Germany had reportedly offered to invest up to 1 billion euros ($1.2 billion) in terminals for liquefied natural gas (LNG) from the United States as a way of saving the Nord Stream 2 pipeline project, targeted by Washington’s sanctions, according to sources cited by Die Zeit newspaper.
The non-official proposal is suggested as having been sent by the German Finance Ministry on 7 August, before Washington imposed sanctions on companies involved in the project.
In a letter to Treasury Secretary Steven Mnuchin, cited by Die Zeit, German Finance Minister Olaf Scholz reportedly vowed to earmark close to 1 billion euros in funding for the construction of LNG terminals if Washington agreed to abandon sanctions targeting firms involved in Nord Stream 2. The LNG terminals in question were to be built at two locations on the North Sea coast.
"In return, the United States will allow the construction and operation of Nord Stream 2 to proceed unhindered. The US will not exercise its legal scope for sanctions," Die Zeit quoted the letter as saying.
Other proposals included in the cited paper allegedly pertained to a gas transit contract for Ukraine and the financing of an alternative pipeline and a terminal that would allow Poland to use the US LNG.
A spokesman for the German Finance Ministry did not offer an official comment on the report.
The Nord Stream 2 mega-project, worth $10.5 billion, is a joint venture funded by Russia’s Gazprom and five EU energy giants, Uniper, Wintershall, OMV, Engie, and Royal Dutch Shell, that will ultimately be capable of pumping around 55 billion cubic metres of gas annually from Russia to Germany and the rest of Europe.
Despite long being defended by its participants as a purely economic venture rather than a political one, the 1,230 km pipeline project has been forced to tackle a plethora of challenges, ranging from negotiating operating terms and obtaining clearances from the involved countries, to US sanctions, imposed in December 2019 against a key contractor, Switzerland-based AllSeas.
The sanctions outlined in the 2020 National Defence Authorisation Act (NDAA) came as the Nord Stream 2 project had just 160 km left to build.
Washington has long claimed that the Nord Stream 2 project would leave Ukraine without money from Russian gas transit, while making Europe dependent on Russian gas. The EU and Russia have denied these allegations, insisting that the project is purely an economic one.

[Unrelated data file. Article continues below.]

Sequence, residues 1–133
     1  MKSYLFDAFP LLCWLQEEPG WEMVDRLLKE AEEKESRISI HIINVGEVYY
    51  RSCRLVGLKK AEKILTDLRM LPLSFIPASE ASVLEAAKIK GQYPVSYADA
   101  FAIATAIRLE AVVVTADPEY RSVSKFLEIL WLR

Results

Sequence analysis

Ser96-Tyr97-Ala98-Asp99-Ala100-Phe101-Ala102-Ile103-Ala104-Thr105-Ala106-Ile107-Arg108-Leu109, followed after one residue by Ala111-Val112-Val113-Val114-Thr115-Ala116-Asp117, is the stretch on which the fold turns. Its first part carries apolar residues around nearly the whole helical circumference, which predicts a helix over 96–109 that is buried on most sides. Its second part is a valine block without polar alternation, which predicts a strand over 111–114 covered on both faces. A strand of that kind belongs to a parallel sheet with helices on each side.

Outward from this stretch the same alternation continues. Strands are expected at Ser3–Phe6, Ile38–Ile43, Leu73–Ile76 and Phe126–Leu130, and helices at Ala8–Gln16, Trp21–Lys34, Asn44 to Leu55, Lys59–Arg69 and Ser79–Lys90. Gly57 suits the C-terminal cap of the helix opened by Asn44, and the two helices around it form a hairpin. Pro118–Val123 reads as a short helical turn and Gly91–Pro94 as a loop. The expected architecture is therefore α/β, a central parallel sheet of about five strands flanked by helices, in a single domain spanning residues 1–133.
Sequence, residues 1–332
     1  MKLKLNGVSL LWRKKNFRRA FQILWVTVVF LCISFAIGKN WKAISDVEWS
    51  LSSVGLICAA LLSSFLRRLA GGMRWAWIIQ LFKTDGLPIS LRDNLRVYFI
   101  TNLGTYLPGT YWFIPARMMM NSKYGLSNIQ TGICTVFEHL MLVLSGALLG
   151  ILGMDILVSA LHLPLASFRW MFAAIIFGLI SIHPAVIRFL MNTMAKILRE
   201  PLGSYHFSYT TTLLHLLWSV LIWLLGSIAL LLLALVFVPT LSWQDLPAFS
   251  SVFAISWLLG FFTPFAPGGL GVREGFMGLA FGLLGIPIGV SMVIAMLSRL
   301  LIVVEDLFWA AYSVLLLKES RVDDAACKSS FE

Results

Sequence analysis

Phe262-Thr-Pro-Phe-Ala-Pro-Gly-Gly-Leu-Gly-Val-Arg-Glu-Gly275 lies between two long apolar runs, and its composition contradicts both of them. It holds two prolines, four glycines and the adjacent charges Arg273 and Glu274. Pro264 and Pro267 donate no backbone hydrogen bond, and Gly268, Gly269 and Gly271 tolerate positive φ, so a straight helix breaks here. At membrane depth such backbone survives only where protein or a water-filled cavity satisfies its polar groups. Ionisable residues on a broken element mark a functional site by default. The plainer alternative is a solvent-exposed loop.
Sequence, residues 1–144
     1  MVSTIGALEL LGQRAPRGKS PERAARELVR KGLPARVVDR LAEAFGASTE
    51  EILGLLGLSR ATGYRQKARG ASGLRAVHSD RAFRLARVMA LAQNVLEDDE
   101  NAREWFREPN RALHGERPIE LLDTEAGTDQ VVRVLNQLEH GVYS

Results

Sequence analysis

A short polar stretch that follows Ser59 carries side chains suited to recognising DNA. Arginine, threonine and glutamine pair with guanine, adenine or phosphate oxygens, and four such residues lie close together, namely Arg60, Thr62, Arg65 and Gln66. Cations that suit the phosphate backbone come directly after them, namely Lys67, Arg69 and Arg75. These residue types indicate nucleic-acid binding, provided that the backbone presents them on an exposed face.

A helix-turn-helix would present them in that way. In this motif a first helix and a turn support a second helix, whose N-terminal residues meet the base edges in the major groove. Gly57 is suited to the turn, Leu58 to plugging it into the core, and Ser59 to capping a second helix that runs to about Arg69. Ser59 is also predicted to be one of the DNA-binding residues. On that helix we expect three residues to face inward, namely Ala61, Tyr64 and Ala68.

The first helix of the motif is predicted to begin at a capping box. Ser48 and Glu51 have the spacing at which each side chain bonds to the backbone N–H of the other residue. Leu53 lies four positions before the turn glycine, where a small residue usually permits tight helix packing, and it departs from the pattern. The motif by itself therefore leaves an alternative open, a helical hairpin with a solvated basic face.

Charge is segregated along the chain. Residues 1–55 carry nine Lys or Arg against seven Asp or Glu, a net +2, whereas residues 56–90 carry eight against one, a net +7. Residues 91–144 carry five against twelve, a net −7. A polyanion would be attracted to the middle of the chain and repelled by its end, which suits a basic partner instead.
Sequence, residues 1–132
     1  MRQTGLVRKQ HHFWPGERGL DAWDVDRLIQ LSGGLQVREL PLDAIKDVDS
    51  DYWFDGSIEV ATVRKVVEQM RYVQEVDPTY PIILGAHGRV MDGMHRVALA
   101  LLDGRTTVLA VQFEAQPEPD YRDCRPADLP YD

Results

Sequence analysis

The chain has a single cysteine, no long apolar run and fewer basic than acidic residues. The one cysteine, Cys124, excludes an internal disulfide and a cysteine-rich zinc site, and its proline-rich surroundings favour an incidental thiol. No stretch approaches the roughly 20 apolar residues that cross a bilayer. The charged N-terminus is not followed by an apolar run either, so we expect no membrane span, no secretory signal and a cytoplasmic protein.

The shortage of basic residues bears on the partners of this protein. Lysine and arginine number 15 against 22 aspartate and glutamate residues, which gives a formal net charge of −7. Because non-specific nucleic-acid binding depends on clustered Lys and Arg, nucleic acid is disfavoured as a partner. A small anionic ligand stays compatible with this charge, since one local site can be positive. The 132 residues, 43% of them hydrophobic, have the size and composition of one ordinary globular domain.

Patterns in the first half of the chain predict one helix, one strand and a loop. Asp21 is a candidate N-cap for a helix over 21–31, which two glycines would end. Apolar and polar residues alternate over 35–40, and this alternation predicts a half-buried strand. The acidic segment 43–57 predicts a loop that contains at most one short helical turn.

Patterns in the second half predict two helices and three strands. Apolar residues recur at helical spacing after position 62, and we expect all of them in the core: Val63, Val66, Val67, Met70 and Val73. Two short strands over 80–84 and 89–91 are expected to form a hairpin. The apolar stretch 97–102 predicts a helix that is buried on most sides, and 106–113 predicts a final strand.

The US has also been driven by ambitions to sell Germany and Eastern Europe its more expensive, tanker-delivered liquefied natural gas.
The pipeline envisions doubling the existing 55 billion cubic meters of gas per year capacity of the Nord Stream network once completed, and is set to make Germany a major energy hub.
Only recently, the project has been forced to deal with another threat to its existence, amid suggested sanctions against the joint venture after German authorities accused Moscow of being the culprit in the purported poisoning of political activist Alexei Navalny.
German Chancellor Angela Merkel has reportedly told officials that “a final decision has not been taken” on the future of the Nord Stream 2 pipeline, as Washington has pressured Berlin to cancel the project, with Warsaw actively supporting the stance.
Polish government spokesman Piotr Muller fed into the speculations surrounding the future of Nord Stream 2, asserting that Poland was ready to offer Germany access to its Baltic Pipe gas pipeline project instead.
Baltic Pipe is a proposed 800-950 km natural gas pipeline between Poland and oil-rich Norwegian waters in the North Sea which is not yet under construction that Warsaw hopes to see completed by October 2022.
Since last week’s announcement that the Navalny case would be treated as an “attempted murder by poisoning”, the German government has faced pressure to scrap the Nord Stream 2 project, with some German lawmakers and several of Berlin’s foreign allies suggesting abandoning the nearly finished pipeline to ‘punish’ Russia, despite no proof having been provided to substantiate the allegations.